by Elliot Davies
I’ve never liked custard. It’s foul, depraved, unnatural stuff. It’s the type of substance that makes you wonder just what sort of unholy accidents had to take place to spawn it in the first place. Did it ooze from some kind of pustule in the corner of a sentient charnel house? Did a wheezing half-living dogsbody declare to the room – “behold God’s mistake” – before proceeding to shovel it into his rotten mouth (the dirty sod)?
Even the name sounds repulsive. Custard. I can’t help but hear it in the raspy voice of a nursing home Lothario as played by Griff Rhys Jones. “Cust-aaaaaard” he sneers, licking his dry lips with a dry tongue, as his dressing gown falls open to reveal just a little bit too much unwashed grey chest hair (the filthy sod).
Custard factories, then, are surely inherently evil hives of horror, where hideous yellow clouds of sickly sweet terror linger like malignant spirits. However, they are not beyond redemption. In the early 1990s, Birmingham undertook an extensive rehabilitation project of the former Birds Custard Factory, which had been closed since the 60s.
Over the past two decades, The Custard Factory Project has resulted in the creation of hundreds of jobs, and given Birmingham a whole new creative hub. The place now hosts scores of shops, studios, eateries, venues and permanent installations. It’s an invigorating sprawl of 19th century industrialism, 20th century modernism, and contemporary street art.
It’s a multicoloured cluster of creativity and positivity. To walk through the place is enough to make you understand that, right here, great ideas are had on an hourly basis. It feels like Byker Grove as decorated by Baz Luhrmann, Jamie Hewlett and William Gibson. It’s the sort of place that makes you understand why the word “happening” was once used as a positive adjective. Here, stuff is undoubtedly happening.
If The Custard Factory had a sound, it would be vibrantly urban; sunsoaked, bleary, and smoking hot. Think of a sound that’s halfway between Four Tet in 2005 and Miles Davis in 1972.
Unfortunately, we visited The Custard Factory on a sleepy Sunday. Hardly anyone was around, hardly anywhere was open, and it was quite chilly. I wouldn’t go as far as to describe the atmosphere as post-apocalyptic, but it did feel a little bit like walking around the deserted Emerald City at the start of Return to Oz.
A group of skaters sat by the fountain. A Wheelers assault felt inevitable.
Nevertheless, it was still possible to take in the artwork. The Custard Factory, you see, is a work of art in itself. Most surfaces are splashed with colour, and many buildings incorporate large permanent installations by international artists.
Zambian artist Tawny Gray has a number large sculptures at The Custard Factory. The Green Man is the largest sculpture in Birmingham. Standing at 12m high, he’s an awe-inspiring product of Gray’s love of making huge structures “and figuring out how to make them…not fall over…”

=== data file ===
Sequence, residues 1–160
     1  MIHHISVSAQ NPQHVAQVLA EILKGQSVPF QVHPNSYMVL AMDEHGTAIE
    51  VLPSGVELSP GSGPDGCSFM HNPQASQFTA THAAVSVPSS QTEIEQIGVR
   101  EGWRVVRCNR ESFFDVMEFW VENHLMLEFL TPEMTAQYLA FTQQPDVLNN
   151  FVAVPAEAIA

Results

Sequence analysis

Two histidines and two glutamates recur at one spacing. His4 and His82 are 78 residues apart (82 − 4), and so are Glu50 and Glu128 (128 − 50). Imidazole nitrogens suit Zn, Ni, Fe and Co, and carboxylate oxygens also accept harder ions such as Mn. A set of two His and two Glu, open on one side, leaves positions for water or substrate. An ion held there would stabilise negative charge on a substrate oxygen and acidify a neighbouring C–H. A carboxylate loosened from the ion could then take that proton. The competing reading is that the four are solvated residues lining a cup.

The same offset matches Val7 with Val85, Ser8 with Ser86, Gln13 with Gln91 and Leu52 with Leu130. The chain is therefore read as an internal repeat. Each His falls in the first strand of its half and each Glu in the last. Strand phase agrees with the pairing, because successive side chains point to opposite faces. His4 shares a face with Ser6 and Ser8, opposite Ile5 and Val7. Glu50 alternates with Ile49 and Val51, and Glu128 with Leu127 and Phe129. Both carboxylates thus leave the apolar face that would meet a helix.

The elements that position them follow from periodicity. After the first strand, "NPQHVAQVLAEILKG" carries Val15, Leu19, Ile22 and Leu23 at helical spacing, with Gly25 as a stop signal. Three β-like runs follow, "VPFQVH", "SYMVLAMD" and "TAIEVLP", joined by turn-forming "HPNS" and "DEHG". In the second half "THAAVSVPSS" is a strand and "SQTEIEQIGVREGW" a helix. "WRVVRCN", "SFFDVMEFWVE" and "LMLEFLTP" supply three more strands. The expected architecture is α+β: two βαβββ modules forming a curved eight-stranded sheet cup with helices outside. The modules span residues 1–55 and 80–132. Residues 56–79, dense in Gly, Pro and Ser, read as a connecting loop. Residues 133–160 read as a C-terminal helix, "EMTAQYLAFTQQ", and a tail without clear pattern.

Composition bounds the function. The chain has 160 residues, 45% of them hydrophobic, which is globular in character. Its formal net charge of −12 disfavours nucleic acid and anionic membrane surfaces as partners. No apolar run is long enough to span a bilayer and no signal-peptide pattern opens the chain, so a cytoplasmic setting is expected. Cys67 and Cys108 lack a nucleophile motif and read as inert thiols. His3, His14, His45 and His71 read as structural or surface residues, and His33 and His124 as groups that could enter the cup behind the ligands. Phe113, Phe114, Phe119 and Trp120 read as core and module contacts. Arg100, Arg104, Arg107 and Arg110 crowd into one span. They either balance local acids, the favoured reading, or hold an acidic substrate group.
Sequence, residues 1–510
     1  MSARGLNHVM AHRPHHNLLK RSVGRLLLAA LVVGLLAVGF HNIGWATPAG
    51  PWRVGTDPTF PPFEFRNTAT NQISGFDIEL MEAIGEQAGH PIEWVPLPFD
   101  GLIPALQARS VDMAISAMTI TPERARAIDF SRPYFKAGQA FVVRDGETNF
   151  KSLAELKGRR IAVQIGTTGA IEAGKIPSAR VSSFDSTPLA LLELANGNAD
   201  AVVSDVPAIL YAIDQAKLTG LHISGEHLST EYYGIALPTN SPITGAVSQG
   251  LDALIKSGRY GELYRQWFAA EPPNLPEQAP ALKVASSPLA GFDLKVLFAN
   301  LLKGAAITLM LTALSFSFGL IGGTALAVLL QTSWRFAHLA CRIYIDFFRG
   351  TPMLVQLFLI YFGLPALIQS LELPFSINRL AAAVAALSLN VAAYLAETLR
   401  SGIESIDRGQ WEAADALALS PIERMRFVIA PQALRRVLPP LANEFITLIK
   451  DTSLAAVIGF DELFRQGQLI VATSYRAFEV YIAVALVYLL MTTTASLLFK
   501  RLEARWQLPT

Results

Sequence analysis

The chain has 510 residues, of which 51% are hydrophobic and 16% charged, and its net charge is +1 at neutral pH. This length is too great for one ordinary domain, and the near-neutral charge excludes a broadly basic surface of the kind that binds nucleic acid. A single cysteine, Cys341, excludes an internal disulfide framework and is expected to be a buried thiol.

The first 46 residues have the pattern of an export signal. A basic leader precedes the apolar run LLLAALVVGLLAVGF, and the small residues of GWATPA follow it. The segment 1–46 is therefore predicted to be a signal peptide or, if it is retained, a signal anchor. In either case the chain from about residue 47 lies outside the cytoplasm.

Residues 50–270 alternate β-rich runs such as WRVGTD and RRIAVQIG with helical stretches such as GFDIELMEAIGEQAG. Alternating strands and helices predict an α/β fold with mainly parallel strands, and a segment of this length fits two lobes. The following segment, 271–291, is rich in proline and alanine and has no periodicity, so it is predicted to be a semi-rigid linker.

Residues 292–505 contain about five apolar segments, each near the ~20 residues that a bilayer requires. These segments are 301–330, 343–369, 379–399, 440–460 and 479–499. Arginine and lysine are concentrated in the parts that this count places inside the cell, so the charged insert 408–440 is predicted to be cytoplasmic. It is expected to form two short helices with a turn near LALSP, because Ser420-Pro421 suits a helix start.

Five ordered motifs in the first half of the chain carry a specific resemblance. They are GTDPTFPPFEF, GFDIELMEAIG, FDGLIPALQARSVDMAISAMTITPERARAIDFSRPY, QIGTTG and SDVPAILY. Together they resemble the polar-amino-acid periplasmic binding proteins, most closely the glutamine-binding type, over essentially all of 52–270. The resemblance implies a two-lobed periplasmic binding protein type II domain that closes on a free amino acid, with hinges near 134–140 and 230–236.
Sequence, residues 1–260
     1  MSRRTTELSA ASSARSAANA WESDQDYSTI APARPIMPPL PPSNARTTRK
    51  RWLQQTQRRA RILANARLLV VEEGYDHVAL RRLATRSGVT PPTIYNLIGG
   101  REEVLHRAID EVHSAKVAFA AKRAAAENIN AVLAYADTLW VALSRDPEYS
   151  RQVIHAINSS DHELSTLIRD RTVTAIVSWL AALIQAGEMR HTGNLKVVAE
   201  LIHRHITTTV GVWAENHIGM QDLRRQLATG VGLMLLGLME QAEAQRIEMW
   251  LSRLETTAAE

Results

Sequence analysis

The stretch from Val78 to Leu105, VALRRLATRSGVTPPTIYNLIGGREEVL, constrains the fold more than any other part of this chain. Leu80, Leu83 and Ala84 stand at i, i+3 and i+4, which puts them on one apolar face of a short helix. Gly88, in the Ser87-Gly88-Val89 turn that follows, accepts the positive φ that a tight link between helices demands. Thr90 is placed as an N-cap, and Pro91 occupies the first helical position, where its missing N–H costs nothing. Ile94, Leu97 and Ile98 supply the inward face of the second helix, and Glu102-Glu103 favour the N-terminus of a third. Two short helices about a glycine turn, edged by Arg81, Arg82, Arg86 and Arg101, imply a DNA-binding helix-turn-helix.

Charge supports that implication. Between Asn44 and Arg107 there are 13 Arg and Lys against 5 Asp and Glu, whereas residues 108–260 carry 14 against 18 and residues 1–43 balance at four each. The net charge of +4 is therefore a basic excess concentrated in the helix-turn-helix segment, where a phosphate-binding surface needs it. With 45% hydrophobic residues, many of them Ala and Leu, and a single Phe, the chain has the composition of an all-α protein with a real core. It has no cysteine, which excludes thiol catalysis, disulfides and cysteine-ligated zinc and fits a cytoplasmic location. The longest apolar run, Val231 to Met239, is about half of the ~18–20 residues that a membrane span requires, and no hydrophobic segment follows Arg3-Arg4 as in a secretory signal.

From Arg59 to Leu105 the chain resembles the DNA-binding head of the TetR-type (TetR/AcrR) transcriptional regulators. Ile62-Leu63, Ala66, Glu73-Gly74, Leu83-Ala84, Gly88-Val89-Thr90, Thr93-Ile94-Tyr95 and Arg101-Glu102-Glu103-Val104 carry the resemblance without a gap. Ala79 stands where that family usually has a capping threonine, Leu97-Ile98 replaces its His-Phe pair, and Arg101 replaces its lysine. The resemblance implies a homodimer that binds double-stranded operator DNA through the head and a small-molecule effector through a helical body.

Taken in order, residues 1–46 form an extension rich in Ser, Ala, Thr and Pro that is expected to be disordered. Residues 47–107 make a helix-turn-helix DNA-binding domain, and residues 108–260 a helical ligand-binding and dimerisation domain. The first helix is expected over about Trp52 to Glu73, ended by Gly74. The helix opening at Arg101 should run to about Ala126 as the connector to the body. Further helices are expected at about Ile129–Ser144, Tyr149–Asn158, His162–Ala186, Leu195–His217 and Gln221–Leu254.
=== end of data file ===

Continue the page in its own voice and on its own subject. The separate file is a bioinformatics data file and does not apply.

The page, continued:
On a soporific Sunday afternoon, The Green Man radiated all the veiled menace and barely-contained power of a sleeping giant. Perhaps when The Custard Factory awakes, he does too?
Another sculpture of Gray’s is found within the Zellig complex, and is entitled The Deluge 2010. It’s a 10m hanging sculpture depicting falling bodies. All faces are placid and all bodies are nude, so perhaps this is intended to be a vision of the afterlife. All the same, it’s hard to not feel a vague sense of disquiet, and even vertigo, when looking up at this transcended crowd.
Tawny Gray, born Toin Adams, is part of The Imaginary Beings collective. Their manifesto speaks of provocative statements as an antidote to everyday complacency. Many people treat The Custard Factory as a place of work. How does it make them feel, to see such disjointed pieces as The Deluge 2010 as part of their daily grind? Do they eventually take it for granted, or does the sculpture’s innate power survive the nine to five?
Also lining the walls are relics from City of Colours, Birmingham’s first ever graffiti and street art festival, which took place in September 2014. Over 100 artists were involved, and I imagine that, for the duration of the festival, The Custard Factory was a pulsating electrified hub of beats, paint and poetry.
I wasn’t there. My role is more like that of an archaeologist. I treat these works like petrified Pompeii corpses, as moments captured in time. I attempt to picture the life, the soul, the motion, and the conviction that went into creating these frozen relics.
I’m afraid I’m unable to credit an artist to each piece, but information on the artists involved in City of Colour 2014 can be found here. The one on the left is my favourite. I’d hang that on a wall. I’ve got a thing about pumpkins and skulls, and I regularly experience hangovers.
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